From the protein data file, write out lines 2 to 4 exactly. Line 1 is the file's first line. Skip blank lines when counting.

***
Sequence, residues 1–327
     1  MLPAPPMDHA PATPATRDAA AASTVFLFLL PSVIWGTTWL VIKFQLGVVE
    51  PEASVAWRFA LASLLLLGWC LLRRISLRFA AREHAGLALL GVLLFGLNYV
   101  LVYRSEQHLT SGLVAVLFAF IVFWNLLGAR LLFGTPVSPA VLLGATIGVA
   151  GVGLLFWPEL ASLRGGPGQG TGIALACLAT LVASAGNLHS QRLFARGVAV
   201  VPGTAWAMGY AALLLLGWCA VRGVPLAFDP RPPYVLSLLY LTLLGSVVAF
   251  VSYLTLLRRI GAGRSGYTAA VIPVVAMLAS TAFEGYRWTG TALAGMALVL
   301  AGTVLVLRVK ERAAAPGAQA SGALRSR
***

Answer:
     1  MLPAPPMDHA PATPATRDAA AASTVFLFLL PSVIWGTTWL VIKFQLGVVE
    51  PEASVAWRFA LASLLLLGWC LLRRISLRFA AREHAGLALL GVLLFGLNYV
   101  LVYRSEQHLT SGLVAVLFAF IVFWNLLGAR LLFGTPVSPA VLLGATIGVA